November 3, 2014
Have a Mentor. Be a Mentor. Party.
One of the pivotal elements of my 803 course (and coincidentally one of the most fragmented from the previously mentioned 803 craziness that set us all on less than ideal footing at the beginning of the term) is the four to six week long teaching “internship” or “practicum” that has been built into the course. The idea with this element is that because this course is called “Teaching and Learning in Online Education” it is only natural that students who are taking the course should dip their toes into the teaching element of the equation, gaining practical experience to balance out the heavy doses of theory also being learned. Ideally the students in the course are skills assessed at some point over the summer, matched with a practicing instructor (also over the summer), and come to fall term ready to go in their practicum, bulking up whatever skills they may feel a bit low on. The student learns, the practicing instructor gets a little help….everyone wins.
As I’ve written about previously, because of a combination of lots of system level, climate level, and just plain bad luck and timing, none of that happened with our cohort. Consequently we’re all only now (about halfway through the course) being placed in practicum relations or, as in my case, making a space and designing a study for ourselves within the structures that we are already located.
In my case, I created a four week initiative within our existing extracurricular Design Club called the “Mentor Challenge.” Initially I was super curious about and hoped to use this four week span to intentionally study how the feedback/critique that happens peer to peer differs from the feedback/critique that happens from instructor to peer. I’m still super curious but given that for this project I need to get in and out in a relatively quick manner (and I have no idea how I’d actually go about evaluating the peer to peer versus instructor to peer study) I decided to table that idea for another trial later down the road and focus instead on the much espoused but still (I would argue) much murky issue of the impact of mentor relationships in online learning programs. My particular focus for this study is on how to create, engage, and sustain mentor relationships in the relatively impersonal online learning landscape.
November 2, 2014
Discovery Based Instruction is a pretty wicked cool thing. Don’t know what it is? No worries! I won’t write endlessly and expect you to read it, rather click the image above or click here to watch a video overview and discover it for yourself!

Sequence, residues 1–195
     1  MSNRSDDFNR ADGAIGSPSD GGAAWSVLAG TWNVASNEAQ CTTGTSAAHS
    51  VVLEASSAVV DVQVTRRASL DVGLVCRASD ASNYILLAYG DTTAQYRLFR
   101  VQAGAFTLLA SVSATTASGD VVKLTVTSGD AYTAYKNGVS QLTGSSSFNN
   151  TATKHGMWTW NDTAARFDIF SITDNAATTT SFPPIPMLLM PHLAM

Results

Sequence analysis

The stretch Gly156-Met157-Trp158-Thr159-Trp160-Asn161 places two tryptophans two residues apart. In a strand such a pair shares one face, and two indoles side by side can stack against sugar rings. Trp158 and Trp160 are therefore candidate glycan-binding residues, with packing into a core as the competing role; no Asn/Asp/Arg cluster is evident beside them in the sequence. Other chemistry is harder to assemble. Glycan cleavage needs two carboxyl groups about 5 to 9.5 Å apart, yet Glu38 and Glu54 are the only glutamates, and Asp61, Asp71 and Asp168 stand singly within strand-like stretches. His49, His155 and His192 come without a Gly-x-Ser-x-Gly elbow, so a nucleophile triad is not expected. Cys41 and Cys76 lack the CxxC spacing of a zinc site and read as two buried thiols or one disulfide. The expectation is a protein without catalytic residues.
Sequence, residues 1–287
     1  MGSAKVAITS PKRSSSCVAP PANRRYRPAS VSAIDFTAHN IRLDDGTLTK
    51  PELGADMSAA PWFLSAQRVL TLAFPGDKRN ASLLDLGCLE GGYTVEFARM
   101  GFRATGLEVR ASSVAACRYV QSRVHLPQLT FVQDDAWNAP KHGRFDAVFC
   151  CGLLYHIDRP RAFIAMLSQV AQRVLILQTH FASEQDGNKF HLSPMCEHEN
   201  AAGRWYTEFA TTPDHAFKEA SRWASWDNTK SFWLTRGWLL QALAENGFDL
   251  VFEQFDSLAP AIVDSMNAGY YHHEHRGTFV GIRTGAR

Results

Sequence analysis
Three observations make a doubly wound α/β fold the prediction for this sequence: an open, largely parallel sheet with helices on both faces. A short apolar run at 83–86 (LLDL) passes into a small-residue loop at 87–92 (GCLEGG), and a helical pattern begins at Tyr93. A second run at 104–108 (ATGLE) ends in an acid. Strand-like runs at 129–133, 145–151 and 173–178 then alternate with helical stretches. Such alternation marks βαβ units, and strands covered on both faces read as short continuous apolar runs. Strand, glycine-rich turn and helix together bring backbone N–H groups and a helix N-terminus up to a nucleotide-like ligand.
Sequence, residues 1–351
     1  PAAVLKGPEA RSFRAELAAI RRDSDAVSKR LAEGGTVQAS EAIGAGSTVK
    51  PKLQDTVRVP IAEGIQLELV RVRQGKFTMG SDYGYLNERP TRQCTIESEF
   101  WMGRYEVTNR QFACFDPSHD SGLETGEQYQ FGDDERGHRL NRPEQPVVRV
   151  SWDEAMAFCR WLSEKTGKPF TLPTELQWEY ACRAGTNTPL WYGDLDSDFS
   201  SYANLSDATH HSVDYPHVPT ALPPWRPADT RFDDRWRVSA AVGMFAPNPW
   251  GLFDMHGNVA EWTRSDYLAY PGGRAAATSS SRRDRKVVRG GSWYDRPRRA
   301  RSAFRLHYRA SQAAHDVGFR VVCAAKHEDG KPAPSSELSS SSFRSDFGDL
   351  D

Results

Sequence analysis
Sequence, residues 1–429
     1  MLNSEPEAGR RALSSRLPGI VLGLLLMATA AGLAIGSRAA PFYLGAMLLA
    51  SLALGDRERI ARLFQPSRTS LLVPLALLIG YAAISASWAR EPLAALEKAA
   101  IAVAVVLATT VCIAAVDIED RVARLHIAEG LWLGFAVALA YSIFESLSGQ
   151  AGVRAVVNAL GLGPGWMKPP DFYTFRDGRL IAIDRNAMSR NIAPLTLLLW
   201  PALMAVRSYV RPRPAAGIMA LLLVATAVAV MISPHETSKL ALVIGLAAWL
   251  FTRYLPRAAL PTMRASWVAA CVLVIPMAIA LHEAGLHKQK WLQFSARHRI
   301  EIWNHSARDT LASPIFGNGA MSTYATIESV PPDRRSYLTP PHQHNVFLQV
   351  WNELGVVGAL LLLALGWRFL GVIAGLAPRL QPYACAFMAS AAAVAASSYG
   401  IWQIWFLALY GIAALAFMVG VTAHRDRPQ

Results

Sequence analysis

And be sure to turn up your volume as it’s got audio.
November 1, 2014
Today marks the first day of Nanowrimo which means (on the small chance that you might be an uninitiated) that for the next month everyone and their mother is going to be trying their hand at writing the next great American novel. 30 days….50,000 words….#genius. Or so the hope goes.
Where did the idea come from you may ask? Good question! The most iconic “Great American Novel” is The Great Gatsby. Penned by F Scott Fitzgerald in the second decade of the twentieth century, The Great Gatsby has all the elements of a super complex thriller (thwarted love, murder, jazz, and bourbon….lots of bourbon) but it also manages to be short enough and concise enough that one could, in theory, read it in a somewhat short period of time (which also means high schoolers everywhere actually read the real book and not the Spark Notes. Novel, eh?: ) Gatsby clocks in at about 50,000 words thus the next great American novel has a good chance at success if it too can hit that word count. In this spirit of intense optimism, vigor, courage, and idealism, every November people everywhere (or at least everywhere in the States) dutifully sign up on the Nanwrimo website, drool over the badges they might earn and the products they might buy with their first royalty check, pour themselves a very full double scotch, and then get down to the business of putting words on screen in the hopes that the story that has been living in their head for the past eleven months might actually have the legs to turn them into a twenty-first century Fitzgerald.
I’ll admit that in the past my knowledge of Nanowrimo didn’t extend much past listening to interviews on NPR as I was in the midst of long and somewhat dreary commutes to work as an in-house designer. These interviews gave me a very passing and high level knowledge of the fabled fiction dreamers who hoped that with some discipline and consistency they too could match the output of Fitzgerald and pen their own classic in a month’s time. To the past me it sounded like a fun and quaint challenge….if that happened to be your thing….somewhat more extreme and high stakes than committing to watching an entire season of Survivor in a weekend…somewhat less extreme and high stakes than committing to run a full marathon.
That said this year, after some deliberation, I’ve decided that it’s time….this year it’s time for me to shift in allegiance from the one who passively listens to NPR as I sit in mind numbing traffic to the one who is talking in animated, fanatical tones as they’re interviewed by Terry Gross on Fresh Air.